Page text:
How to stay out of e-mail jail

E-mail and instant messages are the electronic equivalent of DNA evidence. Recent headline-grabbing scandals involving e-mail, such as the termination of Boeing CEO Harry Stonecipher for exchanging sexually graphic e-mails with a colleague, have re-enforced the negative impact e-mail can have on a company, its assets, employees and reputation.

Tips to reduce e-mail risks

• Don’t assume the executive in the corner office knows better. Boeing’s Stonecipher is not the first CEO to trigger e-mail disaster. In 2001, Cerner Corp.’s CEO sent an ill-conceived e-mail that triggered a 25% drop in stock valuation. • Establish e-mail policy governing language, usage and netiquette. • Insist that all employees, from summer interns to the CEO, comply with policy. continued on page 2

The Boeing case comes on the heels of costly, high-profile lawsuits triggered by or based on e-mail evidence, as well as numerous six- and seven-figure regulatory fines levied against e-mail users in the financial services arena. E-mail and instant messaging (IM) create critical business and legal challenges for all organizations, public and private, large and small. Without effective e-mail policies and procedures in place, a company is at undue risk of regulatory fines, costly and protracted lawsuits, embarrassing headlines, and public relations nightmares.

The 2004 Workplace E-Mail and Instant Messaging Survey from American Management Association (AMA) and ePolicy Institute reveals that one in five employers has had employee e-mail subpoenaed in the course of a lawsuit or regulatory investigation. Another 13% have battled workplace lawsuits triggered by employee e-mail.

To reduce the likelihood of e-mail disaster striking, businesses must strategically manage employee e-mail and IM use. To that end, The ePolicy Institute offers a few e-mail and IM rules, excerpted from my books E-Mail Rules and Instant Messaging Rules.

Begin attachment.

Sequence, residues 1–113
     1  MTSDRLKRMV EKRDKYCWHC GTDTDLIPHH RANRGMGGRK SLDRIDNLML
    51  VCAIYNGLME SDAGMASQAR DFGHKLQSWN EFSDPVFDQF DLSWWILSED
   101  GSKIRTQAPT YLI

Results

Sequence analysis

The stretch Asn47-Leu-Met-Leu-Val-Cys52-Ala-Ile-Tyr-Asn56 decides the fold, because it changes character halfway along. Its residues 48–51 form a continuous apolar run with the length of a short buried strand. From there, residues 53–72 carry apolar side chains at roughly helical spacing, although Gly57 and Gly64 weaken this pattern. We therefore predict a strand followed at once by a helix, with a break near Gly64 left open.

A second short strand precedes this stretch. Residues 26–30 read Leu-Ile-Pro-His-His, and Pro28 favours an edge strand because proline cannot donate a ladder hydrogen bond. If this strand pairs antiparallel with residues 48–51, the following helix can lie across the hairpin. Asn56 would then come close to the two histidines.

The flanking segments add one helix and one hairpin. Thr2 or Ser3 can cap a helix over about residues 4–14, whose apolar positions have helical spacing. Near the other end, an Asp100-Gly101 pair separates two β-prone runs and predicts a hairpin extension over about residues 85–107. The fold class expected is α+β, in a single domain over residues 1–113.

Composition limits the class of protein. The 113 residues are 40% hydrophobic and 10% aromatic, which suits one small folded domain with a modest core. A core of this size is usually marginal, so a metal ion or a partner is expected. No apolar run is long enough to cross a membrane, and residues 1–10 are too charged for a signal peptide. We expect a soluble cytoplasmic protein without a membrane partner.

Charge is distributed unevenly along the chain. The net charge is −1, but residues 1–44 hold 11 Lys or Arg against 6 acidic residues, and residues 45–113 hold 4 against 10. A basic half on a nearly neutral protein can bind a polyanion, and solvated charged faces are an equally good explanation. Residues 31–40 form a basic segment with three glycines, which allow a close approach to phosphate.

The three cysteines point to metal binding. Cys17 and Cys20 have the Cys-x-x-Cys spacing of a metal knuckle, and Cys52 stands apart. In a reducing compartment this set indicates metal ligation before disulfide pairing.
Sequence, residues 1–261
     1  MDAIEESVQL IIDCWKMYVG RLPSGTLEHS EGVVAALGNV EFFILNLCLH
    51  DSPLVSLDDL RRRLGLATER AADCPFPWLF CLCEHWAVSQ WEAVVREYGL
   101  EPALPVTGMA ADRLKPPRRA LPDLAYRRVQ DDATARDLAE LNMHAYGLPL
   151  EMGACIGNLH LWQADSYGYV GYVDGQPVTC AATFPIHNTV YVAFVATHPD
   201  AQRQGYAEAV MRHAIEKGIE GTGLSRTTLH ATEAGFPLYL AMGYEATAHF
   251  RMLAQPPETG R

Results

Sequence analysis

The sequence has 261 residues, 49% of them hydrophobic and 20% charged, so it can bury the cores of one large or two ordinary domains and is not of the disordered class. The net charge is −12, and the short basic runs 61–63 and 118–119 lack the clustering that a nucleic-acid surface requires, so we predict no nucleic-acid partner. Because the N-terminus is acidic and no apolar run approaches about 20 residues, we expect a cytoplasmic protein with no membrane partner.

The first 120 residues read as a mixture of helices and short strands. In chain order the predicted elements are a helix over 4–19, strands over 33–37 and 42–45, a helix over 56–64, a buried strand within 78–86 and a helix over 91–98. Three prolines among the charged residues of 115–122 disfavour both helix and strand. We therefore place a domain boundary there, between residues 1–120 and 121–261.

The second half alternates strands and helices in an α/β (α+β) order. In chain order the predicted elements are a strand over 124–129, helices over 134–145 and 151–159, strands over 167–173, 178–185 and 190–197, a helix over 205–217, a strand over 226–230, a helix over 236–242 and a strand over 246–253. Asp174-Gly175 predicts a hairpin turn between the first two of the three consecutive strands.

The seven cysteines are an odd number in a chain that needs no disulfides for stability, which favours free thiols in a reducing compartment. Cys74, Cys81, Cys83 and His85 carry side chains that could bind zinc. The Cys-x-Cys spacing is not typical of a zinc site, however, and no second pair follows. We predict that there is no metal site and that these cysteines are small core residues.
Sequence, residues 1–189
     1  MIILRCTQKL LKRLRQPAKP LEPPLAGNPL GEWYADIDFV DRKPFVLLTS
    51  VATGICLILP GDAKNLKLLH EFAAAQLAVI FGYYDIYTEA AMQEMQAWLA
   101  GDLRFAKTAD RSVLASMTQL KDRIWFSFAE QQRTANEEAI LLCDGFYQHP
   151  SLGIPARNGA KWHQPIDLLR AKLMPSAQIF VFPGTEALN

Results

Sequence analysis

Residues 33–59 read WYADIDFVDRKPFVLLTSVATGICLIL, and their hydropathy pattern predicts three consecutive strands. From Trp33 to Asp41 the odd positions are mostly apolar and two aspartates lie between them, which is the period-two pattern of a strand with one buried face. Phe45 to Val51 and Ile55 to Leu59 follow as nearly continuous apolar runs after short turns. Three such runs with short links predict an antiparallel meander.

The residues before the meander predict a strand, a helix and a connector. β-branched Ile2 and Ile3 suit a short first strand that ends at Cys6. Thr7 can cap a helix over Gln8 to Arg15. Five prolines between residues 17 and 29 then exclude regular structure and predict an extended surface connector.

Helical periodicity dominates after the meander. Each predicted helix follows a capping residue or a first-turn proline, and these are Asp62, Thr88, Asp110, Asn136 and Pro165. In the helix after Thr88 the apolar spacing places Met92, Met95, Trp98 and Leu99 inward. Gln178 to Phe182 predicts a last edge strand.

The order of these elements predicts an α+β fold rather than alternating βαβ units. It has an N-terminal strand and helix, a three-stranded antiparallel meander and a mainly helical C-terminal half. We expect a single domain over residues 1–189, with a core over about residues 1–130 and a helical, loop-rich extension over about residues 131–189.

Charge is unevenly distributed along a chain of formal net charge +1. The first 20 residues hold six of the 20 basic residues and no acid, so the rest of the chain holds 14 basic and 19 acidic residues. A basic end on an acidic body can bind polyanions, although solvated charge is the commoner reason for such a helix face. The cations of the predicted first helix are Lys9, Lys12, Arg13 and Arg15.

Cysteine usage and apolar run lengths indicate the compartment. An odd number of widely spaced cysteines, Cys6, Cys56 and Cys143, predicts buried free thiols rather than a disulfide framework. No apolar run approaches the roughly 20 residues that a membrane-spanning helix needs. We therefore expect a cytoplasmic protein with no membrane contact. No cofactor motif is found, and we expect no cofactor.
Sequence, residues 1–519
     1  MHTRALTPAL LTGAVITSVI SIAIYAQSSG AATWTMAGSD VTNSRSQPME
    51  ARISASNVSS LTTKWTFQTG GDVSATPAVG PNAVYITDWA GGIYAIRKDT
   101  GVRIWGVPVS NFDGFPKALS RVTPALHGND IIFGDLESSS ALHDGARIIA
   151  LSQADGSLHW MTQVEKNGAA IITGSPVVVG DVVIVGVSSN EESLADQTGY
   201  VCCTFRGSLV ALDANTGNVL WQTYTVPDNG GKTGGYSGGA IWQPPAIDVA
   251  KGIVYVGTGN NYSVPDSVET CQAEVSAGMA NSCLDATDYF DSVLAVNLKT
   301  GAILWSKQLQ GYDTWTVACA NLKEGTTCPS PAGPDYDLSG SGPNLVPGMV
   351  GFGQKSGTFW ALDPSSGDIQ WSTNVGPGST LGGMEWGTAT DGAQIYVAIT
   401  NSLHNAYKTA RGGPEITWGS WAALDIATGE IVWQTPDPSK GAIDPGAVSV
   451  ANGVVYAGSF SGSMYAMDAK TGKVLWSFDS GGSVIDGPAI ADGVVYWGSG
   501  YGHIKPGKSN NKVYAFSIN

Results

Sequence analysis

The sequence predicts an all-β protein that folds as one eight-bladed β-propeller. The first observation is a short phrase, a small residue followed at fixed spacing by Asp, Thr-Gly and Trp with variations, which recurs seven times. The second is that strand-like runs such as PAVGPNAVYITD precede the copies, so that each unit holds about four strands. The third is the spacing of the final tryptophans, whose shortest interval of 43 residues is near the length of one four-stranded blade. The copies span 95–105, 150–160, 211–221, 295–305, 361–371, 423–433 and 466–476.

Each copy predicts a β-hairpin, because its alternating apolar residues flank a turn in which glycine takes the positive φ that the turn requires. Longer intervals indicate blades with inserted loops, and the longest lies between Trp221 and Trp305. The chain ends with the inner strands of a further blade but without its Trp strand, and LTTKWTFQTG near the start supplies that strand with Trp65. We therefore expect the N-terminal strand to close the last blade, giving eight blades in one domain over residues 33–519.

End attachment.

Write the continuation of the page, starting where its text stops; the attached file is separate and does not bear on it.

Rule #1: Develop a comprehensive written policy addressing e-mail and instant messaging usage and content.

A good electronic communications policy should clearly spell out for employees what is, and is not, considered appropriate business communication. It should also make clear how much personal e-mail and IM use (if any) is acceptable.

Most employees use their corporate inbox for both business and personal use, a fact that can be costly to the organization if a lawsuit or regulatory investigation arises. Individual employees face substantial e-mail risks, as well. In fact, 25% of US employers report that they have terminated employees for violating e-mail policy.

The development of an effective e-mail policy can be challenging. For organizations that are looking for some direction, the Electronic Communications Compliance Council (TE3C), a non-profit organization dedicated to creating best practices and resources for companies struggling with regulatory compliance, makes available a free online policy tool. The Policy Builder tool, available at, provides comprehensive templates that can be customized to meet the specific needs of your business.

In addition to establishing policies governing e-mail and IM usage and content, organizations also are advised to implement a written policy addressing the retention of e-mail and IM business records. Unfortunately, employers tend to fall short when it comes to strategic e-mail retention. Fully 65% of businesses lack e-mail retention and deletion policies. In the event of a lawsuit or regulatory investigation, these organizations may have a hard time producing subpoenaed messages, a failure that could result in costly court sanctions and regulatory fines.